What the midterm schedule looks like and useful stress reduction tips


Ofelia Mattingly

Ms. Cecil and Ms. Robinson (History) discuss geographical terms with a student. Photo by Ofelia Mattingly.

Ofelia Mattingly

Midterms are set to occur the week of December 13, 2021, which is the week before winter break. Midterms will span across four days, Tuesday through Friday, with only two classes to give their tests per day.  

Finals week will take place the week of December 13. Graphic by Ofelia Mattingly. (Ofelia Mattingly)

This is a time period where educational pressure heightens, as does the anxiety and stressors that come with being a student. Manual’s staff has taken student stress levels into consideration and will implement Stress Less Week the week prior to midterms. Teachers too understand the stress that comes with being both a full time student and teenager in general. 

Four teachers share advice and their top tips for how students can keep their minds at ease and do well on these upcoming exams.

Mrs. Robinson (History) encourages students to be more open-minded and less black and white in thinking. These are only midterms and students still have a whole other semester and much more to learn and accomplish.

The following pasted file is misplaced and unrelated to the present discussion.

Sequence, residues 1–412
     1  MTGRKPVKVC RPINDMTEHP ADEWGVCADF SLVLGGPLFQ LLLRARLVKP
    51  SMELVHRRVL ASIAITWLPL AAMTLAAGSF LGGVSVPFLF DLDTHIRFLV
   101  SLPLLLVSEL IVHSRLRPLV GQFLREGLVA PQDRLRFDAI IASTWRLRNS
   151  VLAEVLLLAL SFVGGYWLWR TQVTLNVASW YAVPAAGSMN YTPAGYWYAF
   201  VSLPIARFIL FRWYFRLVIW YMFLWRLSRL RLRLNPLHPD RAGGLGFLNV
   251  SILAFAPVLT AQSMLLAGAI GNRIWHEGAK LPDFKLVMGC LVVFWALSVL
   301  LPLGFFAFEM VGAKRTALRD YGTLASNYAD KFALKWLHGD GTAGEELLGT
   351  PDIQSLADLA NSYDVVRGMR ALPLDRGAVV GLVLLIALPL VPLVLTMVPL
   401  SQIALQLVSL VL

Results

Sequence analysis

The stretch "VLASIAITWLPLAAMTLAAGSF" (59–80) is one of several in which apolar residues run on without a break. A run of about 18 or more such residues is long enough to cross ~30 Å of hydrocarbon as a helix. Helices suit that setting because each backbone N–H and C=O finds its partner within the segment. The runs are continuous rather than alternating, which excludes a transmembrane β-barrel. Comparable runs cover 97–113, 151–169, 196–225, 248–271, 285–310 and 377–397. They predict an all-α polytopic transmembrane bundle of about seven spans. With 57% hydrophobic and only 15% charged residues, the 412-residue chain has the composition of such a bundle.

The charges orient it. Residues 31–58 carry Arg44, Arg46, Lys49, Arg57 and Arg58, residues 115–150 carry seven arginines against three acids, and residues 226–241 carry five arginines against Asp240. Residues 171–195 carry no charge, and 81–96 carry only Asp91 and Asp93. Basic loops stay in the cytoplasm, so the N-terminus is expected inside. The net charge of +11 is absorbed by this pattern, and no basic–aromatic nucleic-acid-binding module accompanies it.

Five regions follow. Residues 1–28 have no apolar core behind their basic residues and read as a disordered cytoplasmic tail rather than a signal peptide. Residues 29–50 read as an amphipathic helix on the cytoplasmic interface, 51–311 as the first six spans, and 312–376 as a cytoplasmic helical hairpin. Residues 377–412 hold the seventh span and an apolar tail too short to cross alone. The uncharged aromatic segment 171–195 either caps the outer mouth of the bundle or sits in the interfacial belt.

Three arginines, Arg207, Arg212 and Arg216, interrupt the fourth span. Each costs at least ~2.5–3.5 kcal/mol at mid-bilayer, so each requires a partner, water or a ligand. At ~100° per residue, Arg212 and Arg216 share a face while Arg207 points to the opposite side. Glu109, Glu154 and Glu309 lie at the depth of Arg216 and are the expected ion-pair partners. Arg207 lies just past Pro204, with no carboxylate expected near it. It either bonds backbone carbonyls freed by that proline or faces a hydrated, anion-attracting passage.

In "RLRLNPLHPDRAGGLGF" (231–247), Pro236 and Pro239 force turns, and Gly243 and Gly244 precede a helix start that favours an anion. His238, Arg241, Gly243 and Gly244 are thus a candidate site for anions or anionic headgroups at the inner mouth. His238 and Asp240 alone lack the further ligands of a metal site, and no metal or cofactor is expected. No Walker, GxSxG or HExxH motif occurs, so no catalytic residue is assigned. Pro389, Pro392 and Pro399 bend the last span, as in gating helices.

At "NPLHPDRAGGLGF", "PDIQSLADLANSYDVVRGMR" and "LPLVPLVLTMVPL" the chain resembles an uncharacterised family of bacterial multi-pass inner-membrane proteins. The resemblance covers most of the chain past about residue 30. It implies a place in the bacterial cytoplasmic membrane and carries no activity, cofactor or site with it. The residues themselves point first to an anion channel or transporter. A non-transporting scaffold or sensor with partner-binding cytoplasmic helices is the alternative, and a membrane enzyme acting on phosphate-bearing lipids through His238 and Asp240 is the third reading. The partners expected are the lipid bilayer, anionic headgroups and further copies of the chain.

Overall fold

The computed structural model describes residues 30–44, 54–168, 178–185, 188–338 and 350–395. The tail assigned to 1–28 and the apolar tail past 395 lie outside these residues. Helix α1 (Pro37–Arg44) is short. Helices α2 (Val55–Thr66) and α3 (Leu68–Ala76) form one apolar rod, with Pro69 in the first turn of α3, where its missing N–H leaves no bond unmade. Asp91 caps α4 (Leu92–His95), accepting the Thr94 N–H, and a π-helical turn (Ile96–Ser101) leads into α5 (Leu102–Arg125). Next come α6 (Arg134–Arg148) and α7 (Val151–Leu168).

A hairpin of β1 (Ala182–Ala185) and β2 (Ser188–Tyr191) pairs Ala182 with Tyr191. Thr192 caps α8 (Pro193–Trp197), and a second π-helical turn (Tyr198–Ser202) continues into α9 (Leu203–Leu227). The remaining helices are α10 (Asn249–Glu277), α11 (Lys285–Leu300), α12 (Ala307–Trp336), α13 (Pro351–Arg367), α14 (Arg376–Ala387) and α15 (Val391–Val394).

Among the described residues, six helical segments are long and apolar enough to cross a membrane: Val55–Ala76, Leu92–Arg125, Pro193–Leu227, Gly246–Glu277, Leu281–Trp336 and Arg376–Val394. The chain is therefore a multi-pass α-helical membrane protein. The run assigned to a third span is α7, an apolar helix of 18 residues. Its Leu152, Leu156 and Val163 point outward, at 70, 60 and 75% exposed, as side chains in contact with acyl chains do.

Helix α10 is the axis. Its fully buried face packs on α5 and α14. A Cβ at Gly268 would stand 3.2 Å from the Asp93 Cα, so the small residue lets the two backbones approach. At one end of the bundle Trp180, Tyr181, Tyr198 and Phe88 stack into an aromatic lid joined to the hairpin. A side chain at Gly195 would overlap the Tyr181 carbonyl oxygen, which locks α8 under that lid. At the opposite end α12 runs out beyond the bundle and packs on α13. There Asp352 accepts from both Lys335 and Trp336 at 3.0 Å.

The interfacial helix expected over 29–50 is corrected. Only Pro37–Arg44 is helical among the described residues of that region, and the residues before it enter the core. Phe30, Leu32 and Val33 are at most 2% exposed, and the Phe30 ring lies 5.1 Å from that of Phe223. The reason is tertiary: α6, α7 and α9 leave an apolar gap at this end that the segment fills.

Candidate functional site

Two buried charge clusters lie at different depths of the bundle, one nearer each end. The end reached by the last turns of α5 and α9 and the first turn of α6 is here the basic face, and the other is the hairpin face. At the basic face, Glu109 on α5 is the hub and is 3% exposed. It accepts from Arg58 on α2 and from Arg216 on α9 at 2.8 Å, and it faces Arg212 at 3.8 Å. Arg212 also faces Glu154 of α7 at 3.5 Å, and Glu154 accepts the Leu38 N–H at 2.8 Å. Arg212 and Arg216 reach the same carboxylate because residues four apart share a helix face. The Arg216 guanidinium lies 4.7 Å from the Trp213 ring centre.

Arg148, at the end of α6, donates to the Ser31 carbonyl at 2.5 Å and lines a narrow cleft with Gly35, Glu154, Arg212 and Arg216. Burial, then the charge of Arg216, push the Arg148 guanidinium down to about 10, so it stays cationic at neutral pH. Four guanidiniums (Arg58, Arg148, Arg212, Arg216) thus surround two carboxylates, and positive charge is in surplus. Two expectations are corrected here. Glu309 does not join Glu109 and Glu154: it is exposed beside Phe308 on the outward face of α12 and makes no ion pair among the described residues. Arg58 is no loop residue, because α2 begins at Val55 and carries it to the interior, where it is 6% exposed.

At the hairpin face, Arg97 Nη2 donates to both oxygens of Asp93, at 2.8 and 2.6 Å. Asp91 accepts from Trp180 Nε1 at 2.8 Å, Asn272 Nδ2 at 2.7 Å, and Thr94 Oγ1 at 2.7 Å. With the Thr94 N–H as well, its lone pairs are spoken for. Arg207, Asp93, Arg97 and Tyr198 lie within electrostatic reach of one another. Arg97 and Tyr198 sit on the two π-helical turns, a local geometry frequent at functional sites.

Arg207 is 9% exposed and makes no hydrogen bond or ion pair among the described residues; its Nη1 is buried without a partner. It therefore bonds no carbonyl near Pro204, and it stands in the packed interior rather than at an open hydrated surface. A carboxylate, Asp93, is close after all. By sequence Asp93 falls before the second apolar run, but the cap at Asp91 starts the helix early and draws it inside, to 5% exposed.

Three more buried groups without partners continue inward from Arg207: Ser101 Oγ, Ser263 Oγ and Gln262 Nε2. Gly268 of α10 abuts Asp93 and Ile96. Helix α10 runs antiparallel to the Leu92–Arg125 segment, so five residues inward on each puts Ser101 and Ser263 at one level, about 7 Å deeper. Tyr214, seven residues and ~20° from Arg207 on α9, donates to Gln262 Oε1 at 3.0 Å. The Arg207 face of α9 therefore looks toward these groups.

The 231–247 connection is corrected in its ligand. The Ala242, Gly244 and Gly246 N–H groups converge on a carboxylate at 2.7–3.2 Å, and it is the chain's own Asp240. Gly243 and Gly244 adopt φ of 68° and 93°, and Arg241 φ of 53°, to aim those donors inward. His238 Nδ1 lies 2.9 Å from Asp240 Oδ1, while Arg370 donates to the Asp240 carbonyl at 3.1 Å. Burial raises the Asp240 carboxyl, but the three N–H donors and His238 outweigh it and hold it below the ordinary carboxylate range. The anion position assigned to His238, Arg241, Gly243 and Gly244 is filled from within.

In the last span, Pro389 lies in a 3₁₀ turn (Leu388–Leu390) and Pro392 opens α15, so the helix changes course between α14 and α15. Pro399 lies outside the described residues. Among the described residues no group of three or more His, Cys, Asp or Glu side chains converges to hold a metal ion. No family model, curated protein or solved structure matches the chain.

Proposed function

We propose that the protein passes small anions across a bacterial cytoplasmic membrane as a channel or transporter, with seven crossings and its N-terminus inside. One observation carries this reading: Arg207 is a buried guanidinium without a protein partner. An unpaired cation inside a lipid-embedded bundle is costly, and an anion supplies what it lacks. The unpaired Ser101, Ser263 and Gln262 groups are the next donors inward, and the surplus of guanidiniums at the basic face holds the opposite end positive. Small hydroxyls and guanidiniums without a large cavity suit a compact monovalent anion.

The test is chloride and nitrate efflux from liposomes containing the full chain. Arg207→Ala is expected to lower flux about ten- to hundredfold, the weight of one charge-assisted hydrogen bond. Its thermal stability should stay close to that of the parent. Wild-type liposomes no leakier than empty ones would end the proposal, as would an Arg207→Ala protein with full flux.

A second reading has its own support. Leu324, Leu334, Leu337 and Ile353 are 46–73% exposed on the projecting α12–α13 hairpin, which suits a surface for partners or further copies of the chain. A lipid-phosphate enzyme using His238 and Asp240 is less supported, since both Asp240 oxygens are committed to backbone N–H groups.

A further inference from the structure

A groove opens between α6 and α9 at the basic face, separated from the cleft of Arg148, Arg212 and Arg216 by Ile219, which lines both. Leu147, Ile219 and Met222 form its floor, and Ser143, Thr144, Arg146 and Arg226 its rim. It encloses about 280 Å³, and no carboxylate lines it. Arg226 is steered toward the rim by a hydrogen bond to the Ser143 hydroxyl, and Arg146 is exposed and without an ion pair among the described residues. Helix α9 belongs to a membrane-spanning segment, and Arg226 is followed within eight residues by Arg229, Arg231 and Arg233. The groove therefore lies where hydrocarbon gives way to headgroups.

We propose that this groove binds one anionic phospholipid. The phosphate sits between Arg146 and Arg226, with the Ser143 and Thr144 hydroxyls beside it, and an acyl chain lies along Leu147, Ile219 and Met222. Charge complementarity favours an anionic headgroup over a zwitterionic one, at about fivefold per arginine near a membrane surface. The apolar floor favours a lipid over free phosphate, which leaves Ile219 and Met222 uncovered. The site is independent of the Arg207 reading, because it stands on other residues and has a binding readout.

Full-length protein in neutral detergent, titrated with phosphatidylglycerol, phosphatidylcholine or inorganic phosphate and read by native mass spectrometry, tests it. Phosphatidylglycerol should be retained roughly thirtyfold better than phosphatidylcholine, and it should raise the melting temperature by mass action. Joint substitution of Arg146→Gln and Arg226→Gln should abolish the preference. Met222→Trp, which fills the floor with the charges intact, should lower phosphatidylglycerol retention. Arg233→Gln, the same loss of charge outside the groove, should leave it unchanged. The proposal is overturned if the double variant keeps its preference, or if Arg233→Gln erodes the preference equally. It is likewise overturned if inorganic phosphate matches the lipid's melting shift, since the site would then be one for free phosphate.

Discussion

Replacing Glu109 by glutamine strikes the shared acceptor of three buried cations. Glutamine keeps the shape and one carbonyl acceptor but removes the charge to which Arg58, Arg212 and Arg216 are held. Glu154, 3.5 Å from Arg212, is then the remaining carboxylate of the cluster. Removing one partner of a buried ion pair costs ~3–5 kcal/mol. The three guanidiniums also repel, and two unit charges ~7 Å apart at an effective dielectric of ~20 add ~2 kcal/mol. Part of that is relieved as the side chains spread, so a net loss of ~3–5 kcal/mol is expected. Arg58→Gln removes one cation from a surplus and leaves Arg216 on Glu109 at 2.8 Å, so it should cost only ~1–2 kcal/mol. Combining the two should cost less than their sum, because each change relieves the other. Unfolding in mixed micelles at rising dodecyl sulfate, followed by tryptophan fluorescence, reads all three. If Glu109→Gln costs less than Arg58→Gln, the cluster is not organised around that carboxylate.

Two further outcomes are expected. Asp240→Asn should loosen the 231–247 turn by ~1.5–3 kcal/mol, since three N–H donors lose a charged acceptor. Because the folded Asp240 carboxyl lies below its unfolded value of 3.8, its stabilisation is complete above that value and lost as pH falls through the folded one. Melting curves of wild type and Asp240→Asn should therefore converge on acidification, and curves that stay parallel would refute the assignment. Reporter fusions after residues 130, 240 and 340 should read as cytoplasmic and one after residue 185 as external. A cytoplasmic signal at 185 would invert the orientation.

“Instead of seeing finals as a time of pass/fail, it is important to take a growth mindset approach. Instead of seeing exams as a threat (fail), see them as an opportunity to grow (pass),” Robinson said.

Some teachers, like Mrs. Kederis (History), encourage students to inquire about the format of the exam. Knowing what’s going to be on the exam, as well as how it will be laid out, can help students understand what and how to study. 

“They [students] can start mentally preparing,” Kederis said. 

She also believes students should practice good time management to prevent stress from getting worse. Mrs. Bickel (English) also suggests proper time management and organizational skills. This may look like keeping a to-do list, having a set study routine to rotate subject practice or ensuring students carve out time for self-care activities and not just overload themselves with school work. 

Mrs. Cecil (History) agrees that students should prepare well in advance before finals week and should try to stay on track. Having a distraction free environment is critical for assimilation and retention of material. Study methods, such as the Pomodoro Technique, have been scientifically proven to increase productivity. It may also be encouraging for students to reward themselves for meeting any goals they set.

That being said, basic self-care tasks are not rewards, they are essentials. Teachers agree that students need to sleep and eat well so that they can do the best that they can on their exams. Do not feel guilty for taking a short nap when tired, eating when hungry, taking a shower or time to positively engage with family or friends. You are so much more than merely a vehicle for studying or achieving a certain educational standard. Skimping on these basic parts of life is just as detrimental as taking them in excess, so make sure to employ the time management and organizational skills emphasized by your teachers for optimal well-being.